I’m gearing up to re-read Moltmann’s The Crucified God with some friends next month as a group study and am intending to blog my way through it this time. In CG Moltmann articulates a theology “after Auschwitz,” which means processing through the question of “How can we speak of God in light of such unspeakable tragedy and inhumanity?” We could very well add to this our own experiences of suffering today, both personal and collective. How do parents speak of God after the loss of a child? In what way can we say that God is present when natural disaster strikes, killing thousands? Or when humans, made in God’s image, commits horrible acts of violence against other humans? How do we speak of God when genocide is still a very present reality in some parts of the world? Is this what God had in mind when he created the world?
Although I’ve become an increasing fan of the Reformed tradition (partly through my engagement with Calvin directly, but especially through modern Reformed theologians like Karl Barth and Jurgen Moltmann), I am Wesleyan-Methodist in background, which will always be in my theological DNA. And Wesleyans are, generally speaking, Arminian (not Calvinist) in their soteriology.
Roger Olson is probably the most prominent articulator and defender of Arminianism today. I have benefited much from his blog and from his book Against Calvinism
(to be fair, the companion book by Michael Horton, For Calvinism
, is great too!).
I’m attempting a second blog post from the iPad. I’m not quite a fan of the free Blogger app (it doesn’t seem to let me actually embed links or videos), but haven’t yet found anything better that is free. 2013 was a heavy reading year for me, and for the first time I actually averaged about a book a week. Here are a few highlights from my reading. Unfortunately I didn’t quite finish NT Wrights majestic Paul and the Faithfulness of God, so it didn’t make the list only for that reason. Maybe I’ll devote a post or two to that book when I finish it (not that the internet really needs another post on it!).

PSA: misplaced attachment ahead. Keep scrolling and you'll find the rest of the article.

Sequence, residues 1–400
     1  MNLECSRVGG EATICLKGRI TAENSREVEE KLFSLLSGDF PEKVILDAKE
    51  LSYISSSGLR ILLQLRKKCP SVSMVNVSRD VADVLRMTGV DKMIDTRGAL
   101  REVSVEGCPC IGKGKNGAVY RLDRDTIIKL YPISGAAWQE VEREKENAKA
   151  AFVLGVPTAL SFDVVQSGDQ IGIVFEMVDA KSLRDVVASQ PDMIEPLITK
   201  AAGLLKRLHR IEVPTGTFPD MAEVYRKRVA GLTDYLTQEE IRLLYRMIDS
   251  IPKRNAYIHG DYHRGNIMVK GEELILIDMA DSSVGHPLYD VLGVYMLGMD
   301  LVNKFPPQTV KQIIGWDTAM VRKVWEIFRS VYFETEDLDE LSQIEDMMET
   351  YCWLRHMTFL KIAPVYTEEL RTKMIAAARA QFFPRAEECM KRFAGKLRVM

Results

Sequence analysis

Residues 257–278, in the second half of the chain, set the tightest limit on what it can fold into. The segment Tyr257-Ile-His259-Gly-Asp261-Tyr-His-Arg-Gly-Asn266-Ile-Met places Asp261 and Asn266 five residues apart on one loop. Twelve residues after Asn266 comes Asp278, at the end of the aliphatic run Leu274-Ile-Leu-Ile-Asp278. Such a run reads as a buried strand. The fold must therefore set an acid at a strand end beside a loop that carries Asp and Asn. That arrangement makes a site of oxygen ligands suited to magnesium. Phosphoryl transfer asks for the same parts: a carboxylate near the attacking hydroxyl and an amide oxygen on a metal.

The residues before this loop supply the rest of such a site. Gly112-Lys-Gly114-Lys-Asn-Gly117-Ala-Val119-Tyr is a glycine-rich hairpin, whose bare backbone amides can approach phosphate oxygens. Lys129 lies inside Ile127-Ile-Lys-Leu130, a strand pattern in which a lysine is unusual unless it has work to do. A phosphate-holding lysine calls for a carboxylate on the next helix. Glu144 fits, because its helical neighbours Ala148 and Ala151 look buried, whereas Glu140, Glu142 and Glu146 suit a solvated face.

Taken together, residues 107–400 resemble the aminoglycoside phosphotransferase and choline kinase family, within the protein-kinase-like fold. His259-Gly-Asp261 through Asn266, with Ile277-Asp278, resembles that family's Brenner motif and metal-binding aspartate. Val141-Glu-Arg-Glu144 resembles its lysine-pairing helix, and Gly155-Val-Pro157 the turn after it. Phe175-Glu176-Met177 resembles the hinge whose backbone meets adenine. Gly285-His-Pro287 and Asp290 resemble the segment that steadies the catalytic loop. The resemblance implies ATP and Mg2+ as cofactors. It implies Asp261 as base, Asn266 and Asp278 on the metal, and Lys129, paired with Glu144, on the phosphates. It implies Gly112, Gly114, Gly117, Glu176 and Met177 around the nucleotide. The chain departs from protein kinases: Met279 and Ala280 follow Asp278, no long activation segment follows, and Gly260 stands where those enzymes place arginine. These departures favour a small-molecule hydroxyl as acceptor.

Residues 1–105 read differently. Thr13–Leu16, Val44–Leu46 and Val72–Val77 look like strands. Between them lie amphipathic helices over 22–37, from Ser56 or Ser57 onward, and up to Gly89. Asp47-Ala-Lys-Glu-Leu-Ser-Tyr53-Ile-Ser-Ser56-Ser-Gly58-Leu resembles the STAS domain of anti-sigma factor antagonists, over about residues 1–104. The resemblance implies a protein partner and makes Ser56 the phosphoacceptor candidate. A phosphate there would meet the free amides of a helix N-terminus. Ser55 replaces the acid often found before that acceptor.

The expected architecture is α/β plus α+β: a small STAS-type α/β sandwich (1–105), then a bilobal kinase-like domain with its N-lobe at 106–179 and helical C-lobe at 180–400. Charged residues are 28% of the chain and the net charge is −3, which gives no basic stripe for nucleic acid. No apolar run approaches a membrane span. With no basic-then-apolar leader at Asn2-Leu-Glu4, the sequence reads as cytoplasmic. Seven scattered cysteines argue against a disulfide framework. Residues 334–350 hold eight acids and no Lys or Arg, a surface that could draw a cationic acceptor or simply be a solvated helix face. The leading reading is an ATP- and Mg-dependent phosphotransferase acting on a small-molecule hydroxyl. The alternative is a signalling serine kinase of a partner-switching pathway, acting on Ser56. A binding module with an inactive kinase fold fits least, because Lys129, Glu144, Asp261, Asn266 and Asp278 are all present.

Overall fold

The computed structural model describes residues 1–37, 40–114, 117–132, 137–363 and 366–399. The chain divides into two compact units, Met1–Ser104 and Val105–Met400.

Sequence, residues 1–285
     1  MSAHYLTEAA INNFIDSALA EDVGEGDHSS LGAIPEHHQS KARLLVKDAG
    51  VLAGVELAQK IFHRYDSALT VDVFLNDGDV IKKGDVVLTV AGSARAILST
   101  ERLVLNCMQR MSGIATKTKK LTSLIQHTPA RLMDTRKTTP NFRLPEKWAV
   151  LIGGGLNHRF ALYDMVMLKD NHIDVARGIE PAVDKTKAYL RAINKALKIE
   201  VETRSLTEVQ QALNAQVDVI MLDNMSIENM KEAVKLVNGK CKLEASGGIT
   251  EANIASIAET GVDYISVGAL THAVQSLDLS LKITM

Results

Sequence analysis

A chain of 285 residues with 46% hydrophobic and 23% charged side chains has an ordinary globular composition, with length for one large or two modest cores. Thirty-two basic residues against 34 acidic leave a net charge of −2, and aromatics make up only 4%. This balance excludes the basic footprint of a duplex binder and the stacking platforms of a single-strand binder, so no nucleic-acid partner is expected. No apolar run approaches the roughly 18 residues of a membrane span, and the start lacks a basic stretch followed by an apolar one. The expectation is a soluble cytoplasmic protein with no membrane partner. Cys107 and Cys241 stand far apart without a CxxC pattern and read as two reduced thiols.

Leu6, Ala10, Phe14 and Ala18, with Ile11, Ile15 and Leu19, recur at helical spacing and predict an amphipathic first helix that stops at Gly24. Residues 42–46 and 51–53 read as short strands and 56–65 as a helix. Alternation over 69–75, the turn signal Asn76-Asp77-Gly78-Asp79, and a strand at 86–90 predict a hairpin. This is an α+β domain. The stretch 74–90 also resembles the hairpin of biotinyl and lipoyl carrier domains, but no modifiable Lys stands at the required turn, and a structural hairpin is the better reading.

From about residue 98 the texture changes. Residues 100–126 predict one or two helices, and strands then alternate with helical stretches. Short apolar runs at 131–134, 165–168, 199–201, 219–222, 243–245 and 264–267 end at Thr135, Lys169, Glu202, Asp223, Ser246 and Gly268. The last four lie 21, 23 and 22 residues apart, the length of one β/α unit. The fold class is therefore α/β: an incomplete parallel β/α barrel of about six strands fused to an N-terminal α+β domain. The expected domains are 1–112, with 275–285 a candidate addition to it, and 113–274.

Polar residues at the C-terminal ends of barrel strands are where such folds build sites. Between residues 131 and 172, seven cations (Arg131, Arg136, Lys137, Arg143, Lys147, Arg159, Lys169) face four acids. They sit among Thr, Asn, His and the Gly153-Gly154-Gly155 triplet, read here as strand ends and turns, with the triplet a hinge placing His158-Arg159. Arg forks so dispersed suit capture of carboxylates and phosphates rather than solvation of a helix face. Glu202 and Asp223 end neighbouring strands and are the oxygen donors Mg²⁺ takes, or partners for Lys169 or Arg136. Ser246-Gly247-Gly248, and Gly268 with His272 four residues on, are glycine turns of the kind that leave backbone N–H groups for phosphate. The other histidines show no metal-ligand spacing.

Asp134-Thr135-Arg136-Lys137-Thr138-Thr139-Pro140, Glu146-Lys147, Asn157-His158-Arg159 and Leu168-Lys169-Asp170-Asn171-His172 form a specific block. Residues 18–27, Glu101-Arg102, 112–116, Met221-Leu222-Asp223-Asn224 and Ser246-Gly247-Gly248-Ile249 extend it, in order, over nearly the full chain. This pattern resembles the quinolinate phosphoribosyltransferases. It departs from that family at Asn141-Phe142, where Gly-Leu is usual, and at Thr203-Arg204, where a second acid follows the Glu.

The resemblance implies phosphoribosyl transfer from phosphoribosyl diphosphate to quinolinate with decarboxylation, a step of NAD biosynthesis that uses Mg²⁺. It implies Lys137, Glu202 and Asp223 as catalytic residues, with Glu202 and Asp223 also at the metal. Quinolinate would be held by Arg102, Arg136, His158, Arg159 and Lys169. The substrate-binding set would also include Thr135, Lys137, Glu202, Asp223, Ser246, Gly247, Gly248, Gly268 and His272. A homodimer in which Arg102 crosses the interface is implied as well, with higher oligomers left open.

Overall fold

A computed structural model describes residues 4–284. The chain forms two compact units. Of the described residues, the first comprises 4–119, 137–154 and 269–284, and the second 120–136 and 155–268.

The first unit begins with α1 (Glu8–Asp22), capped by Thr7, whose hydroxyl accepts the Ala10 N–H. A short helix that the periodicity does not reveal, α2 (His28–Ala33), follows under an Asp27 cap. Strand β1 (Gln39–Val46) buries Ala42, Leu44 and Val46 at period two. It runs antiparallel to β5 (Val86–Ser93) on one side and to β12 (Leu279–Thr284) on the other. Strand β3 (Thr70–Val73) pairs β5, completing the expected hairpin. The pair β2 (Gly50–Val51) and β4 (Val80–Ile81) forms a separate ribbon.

Not long ago I was talking with someone who informed me that he heard that I “believe” in evolution.
I wasn’t quite sure what to do with that.
My knee jerk reaction to a statement like that is one of denial, but probably not for the reason you might suspect. Usually when I discuss my beliefs with someone it is with regards to some area of theology or philosophy. It doesn’t occur to me to say that I “believe” in this scientific theory or that. I’m not a scientist, but I appreciate the work they do (and benefit from it every day!) and sometimes read books that they write. And I don’t think that they are involved in some massive conspiracy to debunk my faith. Scientists, like good theologians and biblical scholars, are concerned with the discovery of truth. My belief about a scientific theory doesn’t matter. What matters is whether it is true, and I do not posses the knowledge or skills to attempt to dispute the overwhelming evidence and consensus among specialists in relevant fields regarding the theory of evolution. (I’ll open another can of worms: I could say the same thing about climate change!)